By guest author Irina Patterson
This is the twenty-fifth interview in our series on financing for entrepreneurs. I am talking to George Zachary, general partner of Charles River Ventures, one of the nation’s oldest early-stage venture capital firms.
CRV invests in the data communications and software & services sectors and provides entrepreneurs with access to a combination of financial backing, start-up operations expertise, and strategic business services. Over the past ten years, CRV’s funds have been ranked among the industry’s top performers. George’s personal focus is consumer Internet. He is based in Menlo Park, California.
Irina: Hi, George. Why don’t we start briefly with your background?
George: I’m about forty-four years old and I grew up in New York City. My parents emigrated to the United States from Greece. I went to MIT and studied computer science, and I went to the MIT business school as an undergrad as well.
I worked for Apple Computer while I was in college, both remotely and here in California on what was to become the Macintosh II. After graduating I did a bit of consulting for about a year and a half, which was intellectually interesting, but I wasn’t excited about the work.
I moved to Silicon Valley in 1989 and joined a group of friends in a company that we put together called CATS Software. We were an enterprise software company focused on financial services. We offered front- and back-office [software] for people to trade and analyze trades for derivative instruments, which back then was considered a fairly new innovation and which now looks like a great way to create a disaster.
CATS Software was acquired after it went public. We were acquired by SunGard, which is a publicly traded enterprise software company. I went on to another venture backed company — actually, at the time I joined the other co-founders at CATS we had no venture backing, but we ended up getting it after we scaled up a bit.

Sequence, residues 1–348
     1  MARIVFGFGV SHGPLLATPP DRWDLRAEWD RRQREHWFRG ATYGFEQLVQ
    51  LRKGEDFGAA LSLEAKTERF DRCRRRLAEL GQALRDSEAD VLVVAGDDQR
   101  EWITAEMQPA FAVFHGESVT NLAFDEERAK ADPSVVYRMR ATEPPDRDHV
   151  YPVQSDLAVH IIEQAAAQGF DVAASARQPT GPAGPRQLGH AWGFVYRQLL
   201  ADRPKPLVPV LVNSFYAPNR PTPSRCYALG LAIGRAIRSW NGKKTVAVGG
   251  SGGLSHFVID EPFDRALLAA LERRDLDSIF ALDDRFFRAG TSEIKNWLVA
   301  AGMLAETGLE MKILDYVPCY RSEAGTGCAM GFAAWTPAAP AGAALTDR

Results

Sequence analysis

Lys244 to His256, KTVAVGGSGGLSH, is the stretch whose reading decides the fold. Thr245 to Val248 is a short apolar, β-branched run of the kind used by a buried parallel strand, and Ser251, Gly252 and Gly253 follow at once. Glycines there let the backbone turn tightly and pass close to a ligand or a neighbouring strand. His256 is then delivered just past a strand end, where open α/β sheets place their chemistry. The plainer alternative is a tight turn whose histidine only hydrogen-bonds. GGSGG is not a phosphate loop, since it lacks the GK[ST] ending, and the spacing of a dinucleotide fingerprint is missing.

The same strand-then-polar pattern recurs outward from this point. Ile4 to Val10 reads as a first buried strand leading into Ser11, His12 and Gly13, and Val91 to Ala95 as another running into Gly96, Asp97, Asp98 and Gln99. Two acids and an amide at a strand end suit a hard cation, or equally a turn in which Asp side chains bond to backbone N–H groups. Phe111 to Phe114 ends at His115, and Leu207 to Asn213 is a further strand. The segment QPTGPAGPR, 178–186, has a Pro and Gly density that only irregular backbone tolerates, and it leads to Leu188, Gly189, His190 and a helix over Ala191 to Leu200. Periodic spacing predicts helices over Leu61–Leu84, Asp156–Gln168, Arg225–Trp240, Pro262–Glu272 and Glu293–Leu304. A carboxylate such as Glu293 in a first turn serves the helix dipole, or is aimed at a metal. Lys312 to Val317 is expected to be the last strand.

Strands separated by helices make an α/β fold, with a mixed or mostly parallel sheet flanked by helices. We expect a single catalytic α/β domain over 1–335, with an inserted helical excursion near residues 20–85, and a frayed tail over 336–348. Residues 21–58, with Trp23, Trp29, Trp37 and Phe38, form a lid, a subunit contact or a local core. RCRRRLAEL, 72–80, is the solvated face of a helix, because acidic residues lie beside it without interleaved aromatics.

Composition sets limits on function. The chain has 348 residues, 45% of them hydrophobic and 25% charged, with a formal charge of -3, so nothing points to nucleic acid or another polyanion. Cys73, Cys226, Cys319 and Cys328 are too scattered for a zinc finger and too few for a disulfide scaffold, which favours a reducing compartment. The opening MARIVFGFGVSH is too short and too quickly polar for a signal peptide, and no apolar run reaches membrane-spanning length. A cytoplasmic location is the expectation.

The other venture-backed company I joined was called VPL Research. Four other people and I were there, and we coined to term “virtual reality.” I’m not kidding. We built all the original virtual reality equipment, hardware, and software. After about three of four years we were acquired by Sun Microsystems.
I went to Silicon Graphics, where I started and ran the Nintendo 64 business. We did all the development for Nintendo and then Nintendo 64, from vision to implementation, to delivery with both the hardware and the software, at both the chip and system levels for Nintendo.
In 1995 I was recruited by Mohr Davidow Ventures. I was there for about seven years. I had the highest return out of anyone in the history of Morh Davidow in terms of IRR.
I was the lead co-investor in a bunch of companies that went public, including Critical Path, Accrue Software , and Shutterfly, where I was also one of the four co-founders. There were a couple of other companies as well at the time. After that I ended up joining Charles River Ventures because I wanted to focus on the consumer and Morh Davidow did not want to do so.
I ended up leading our investments — I’m one of the original investors in Twitter, the original and the biggest investor for a company called Yammer, and one of the biggest investors in a company called MillennialMedia, which is the biggest mobile ad networks and is headquartered on the East Coast. I led our investment in a company called Scribd, which is a spoken document sharing site.
About four years ago, I started our seed program through which we seed invested in companies. It was originally called QuickStart and it was originally focused on $250,000 investments. Now we do a slightly different version where we make approximately $25,000 to $100,000 seed investments in startups. We’re doing about two per month right now.
Irina: You said you were doing consulting early on. What was your focus?
George: Right after I graduated from MIT, I was building large-scale mathematical models for two different companies. One was Shell Canada, where I was building a mathematical model for oil and gas discovery, and I built an architecture and information system for them to be able to trigger — to kind of connect explorations to oil refineries which they had not built before, and they used that information system in scenario planning. In the late 1980s and early 1990s, Royal Dutch Shell — Shell Canada was a part of Royal Dutch Shell – was probably the most advanced company in the world for scenario planning. So, I built an information system to help them specifically in Canada. Their headquarters were in Calgary. I remember it was the coldest winter of my life.
Irina: Being a Russian myself, I know what you mean [laughing].